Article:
This is the second post inspired by an April Fools’ Day joke, for which I faked up the title page of an imaginary Baroque treatise on The Practice of Rhetoric in Music, starting several trains of thought: Why does such a book not exist? What might it have contained? What would we hope to learn from it? What is lacking in modern-day writing on Musical Rhetoric? And why shouldn’t I try writing it for myself?
The first post in this series, Prattica di Retorica in Musica – Inventio, introduces the project by means of the Five Canons of Rhetoric and imagines the first pages of our Unicorn-Book, which might include an Address to the Reader and a Dedicatory Poem.
The next pages would probably consist of the Table of Contents, i.e. an ordered list of chapter-headings. For a book-printer, this table would only be assembled once the main body-text was complete. But for a rhetorical writer, these chapter-headings are advance planning of the structural organisation of the material: they present that second Canon of Rhetoric, the Dispositio (Arrangement).
Arranging the Dispositio
In an endlessly recursive process, the structuring of any writing on Rhetoric is itself a work of Rhetoric. My material for this project is the Practice of Rhetoric in Music, and the organisation of this material is inspired by the Modes of Rhetoric, in the style of a list of book-chapters, which I have considered – consciously and subconsciously – over the last month. Turning ideas over in your mind is linked to the processes of memory, which (as modern science tells us) is not merely the recall of fixed data, but a creative process of apprehending, reviewing, connecting and reassembling complex understandings. And now I deliver this structure to you…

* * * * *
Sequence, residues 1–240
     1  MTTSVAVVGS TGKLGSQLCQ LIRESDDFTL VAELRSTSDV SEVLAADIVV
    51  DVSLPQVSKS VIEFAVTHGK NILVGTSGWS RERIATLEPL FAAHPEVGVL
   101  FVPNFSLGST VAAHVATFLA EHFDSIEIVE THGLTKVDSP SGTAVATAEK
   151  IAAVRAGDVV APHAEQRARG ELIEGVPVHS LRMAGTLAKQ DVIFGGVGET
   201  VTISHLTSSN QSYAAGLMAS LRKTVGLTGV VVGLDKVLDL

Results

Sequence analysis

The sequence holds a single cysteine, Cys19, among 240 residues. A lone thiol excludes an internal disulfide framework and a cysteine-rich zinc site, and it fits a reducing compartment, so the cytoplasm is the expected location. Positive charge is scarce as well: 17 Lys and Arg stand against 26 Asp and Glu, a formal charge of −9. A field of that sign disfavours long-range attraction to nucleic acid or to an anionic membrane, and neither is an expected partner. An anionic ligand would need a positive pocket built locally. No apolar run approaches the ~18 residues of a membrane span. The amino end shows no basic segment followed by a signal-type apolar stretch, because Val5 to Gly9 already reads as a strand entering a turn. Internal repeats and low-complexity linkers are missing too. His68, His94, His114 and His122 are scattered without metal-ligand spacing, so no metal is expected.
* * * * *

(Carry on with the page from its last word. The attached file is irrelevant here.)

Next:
In this blog-post, the Dispositio is now my material, which I have organised into two sections (this discursive article, and – below – the presentation of the list itself), in two contrasting styles (modern-day semi-formal prose and 17th-century formal list), carefully considered, and delivered in this blog-post.
The style – a list of chapters – has also become material to be discussed here, and functions as an organising device that delivers new thoughts.